Actually, one day, I walked past Paul’s office (our CEO) and discovered he’d been showing prospective customers our early wireframes. Firstly, I was surprised he’d even gotten them, and then piqued that he was showing stuff that early.
But the point is, he had something to show. We were causing significant upheaval in the company but at least people could see early results. It is what saved our project from the attack dogs who wanted it shut down, or scaled back, or diluted to something that wouldn’t have been nearly as effective.
I don’t mean to be critical when I use the term “attack dog”, by the way. But as a person who studies innovation for a living, that really is the best characterisation of what happens when groups of people are threatened by something new. They form packs to defend their territory, and can be vicious when they don’t get what they (think) they need to perform their own jobs.
Again, I must emphasize that in companies with established businesses, this is what you pay these people to do. You can’t possibly run a repeatable business without them.
On the other hand, of course, they’re the reason doing innovation so hard. Even for an innovation company.
Lesson 2: The attack dogs will rise. Your only defence is to have results early, something to show. Otherwise, it is all pain and no gain, and you will either be shut down or watered down. Be ready with great evidence of progress.
The Success Cats Come In
Eventually, you get your new thing to a point where even the most vocal objector can see there’s enough momentum that cancellation isn’t an option. At this point some of these folks even convert to the vision.
It is tempting, when everyone starts getting excited about the new thing, to relax and breathe a sigh of relief. This is a mistake.
Two years ago, in my book “Innovation and the Future Proof Bank”, I wrote:
“Implementing innovation is a process of managing compromise… everyone will propose changes and enhancements to support their particular agenda. This results in dilution of the original idea which justified investment in the first place. Carefully select the compromises you allow so you have sufficient political capital to reject ones which have a dilutive effect on the initial proposition”.
There is a correlation between the amount of excitement your new product generates and the number of people and groups who want in on it. Success breeds success, obviously, but what you don’t want is a whole pile of new stuff introduced late.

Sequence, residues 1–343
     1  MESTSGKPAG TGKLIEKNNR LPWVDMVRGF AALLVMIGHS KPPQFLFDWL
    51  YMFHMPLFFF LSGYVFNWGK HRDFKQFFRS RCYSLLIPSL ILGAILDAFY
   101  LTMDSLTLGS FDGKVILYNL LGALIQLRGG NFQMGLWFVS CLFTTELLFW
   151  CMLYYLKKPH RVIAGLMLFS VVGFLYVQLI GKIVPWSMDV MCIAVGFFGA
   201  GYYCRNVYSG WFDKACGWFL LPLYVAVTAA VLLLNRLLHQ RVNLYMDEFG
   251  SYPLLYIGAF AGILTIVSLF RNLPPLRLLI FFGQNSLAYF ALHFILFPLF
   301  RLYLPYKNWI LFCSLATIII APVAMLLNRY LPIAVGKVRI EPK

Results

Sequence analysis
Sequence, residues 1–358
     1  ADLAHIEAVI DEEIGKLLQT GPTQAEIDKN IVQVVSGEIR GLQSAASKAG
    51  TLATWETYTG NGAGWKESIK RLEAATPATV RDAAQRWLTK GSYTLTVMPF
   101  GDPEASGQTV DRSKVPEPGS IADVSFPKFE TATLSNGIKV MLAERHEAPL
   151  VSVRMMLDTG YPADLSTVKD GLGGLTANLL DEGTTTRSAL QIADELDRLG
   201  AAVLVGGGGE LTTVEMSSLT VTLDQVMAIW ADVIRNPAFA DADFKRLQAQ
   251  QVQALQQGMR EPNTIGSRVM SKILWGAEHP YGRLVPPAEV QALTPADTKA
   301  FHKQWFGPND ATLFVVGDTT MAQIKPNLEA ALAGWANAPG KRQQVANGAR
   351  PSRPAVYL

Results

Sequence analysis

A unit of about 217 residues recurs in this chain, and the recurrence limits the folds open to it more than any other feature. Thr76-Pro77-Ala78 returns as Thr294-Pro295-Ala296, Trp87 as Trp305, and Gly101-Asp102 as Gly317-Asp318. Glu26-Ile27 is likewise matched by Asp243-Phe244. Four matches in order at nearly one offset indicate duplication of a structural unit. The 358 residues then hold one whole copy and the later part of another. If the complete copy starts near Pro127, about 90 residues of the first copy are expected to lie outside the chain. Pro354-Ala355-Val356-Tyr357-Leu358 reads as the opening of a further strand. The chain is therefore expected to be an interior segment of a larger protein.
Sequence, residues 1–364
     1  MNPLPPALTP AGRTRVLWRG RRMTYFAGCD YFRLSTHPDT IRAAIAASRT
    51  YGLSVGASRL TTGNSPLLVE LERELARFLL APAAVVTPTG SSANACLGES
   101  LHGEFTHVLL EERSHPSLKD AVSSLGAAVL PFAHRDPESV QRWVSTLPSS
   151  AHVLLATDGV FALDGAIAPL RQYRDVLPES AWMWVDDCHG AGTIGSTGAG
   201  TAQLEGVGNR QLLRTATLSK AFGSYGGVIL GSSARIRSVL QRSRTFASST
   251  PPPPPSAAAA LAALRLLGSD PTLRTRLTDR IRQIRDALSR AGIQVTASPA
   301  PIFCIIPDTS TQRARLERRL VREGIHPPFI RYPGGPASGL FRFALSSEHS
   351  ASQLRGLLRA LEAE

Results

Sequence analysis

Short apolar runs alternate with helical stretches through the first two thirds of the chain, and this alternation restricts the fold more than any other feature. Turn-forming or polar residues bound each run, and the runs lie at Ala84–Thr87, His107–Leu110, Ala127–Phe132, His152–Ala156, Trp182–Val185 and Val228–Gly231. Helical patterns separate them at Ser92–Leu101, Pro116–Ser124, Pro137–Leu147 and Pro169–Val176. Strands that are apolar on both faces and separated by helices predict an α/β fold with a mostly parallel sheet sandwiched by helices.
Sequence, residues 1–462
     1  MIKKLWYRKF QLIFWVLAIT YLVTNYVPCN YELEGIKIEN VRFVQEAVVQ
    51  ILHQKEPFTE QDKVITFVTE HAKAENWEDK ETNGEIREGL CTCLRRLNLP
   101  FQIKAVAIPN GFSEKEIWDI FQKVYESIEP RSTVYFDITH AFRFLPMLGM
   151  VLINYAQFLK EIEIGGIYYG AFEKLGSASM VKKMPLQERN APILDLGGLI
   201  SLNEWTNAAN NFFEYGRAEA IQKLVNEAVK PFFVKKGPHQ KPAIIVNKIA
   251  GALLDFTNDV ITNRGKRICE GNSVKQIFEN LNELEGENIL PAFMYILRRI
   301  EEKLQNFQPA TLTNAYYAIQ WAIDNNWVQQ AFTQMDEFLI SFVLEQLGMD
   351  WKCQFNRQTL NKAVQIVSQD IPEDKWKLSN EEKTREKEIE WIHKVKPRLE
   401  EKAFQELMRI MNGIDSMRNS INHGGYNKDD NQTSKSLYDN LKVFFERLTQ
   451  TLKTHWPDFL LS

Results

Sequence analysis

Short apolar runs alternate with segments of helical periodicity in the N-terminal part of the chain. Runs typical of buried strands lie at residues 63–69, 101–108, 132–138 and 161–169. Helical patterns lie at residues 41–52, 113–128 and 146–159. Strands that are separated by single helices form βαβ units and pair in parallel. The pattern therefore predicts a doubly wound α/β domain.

As we got closer to the end and a launch, there were lots of suggestions made about product changes we should make and features we should add.
Now, I hasten to say, some of these were excellent.
But that is irrelevant.
Introducing things late is almost always a mistake. You have to hack your engineering and design, and invariably, the lack of thinking about implications bites you.
We had this a few times, and in the end had to make certain compromises to fit stuff in. For example, we had to limit the browsers we could support in order to free up development and QA time. The only version of IE we support right now, for example is IE9.
Most corporates don’t even have IE9 yet. So this was a significant and painful compromise. We’ll get to supporting IE8 and others, but since our target market is corporates, we hated having to do it.
Also, I think we made some pretty unreasonable demands on our wonderful development, design, and QA folk towards the end. I don’t really know how they lived through it, myself.
Perhaps if the team and I had managed compromises better, some of the scramble at the end would have been less painful than it was.
Lesson 3: Everyone wants to be a part of something that looks like it will be a success. To get their name on things, they’ll try to change your product in some way. Carefully manage this, and don’t accept stuff that will muck up the overall product if you can avoid it.
Out the Door
So we launched 2 days ago, and adoption is looking good.
People are feeding back positive things.
And we’re about to start the whole next development cycle, which will have icon do some more exciting things in June.
I’ll post back then with stories of how the second dev cycle went, and what we did differently this time around.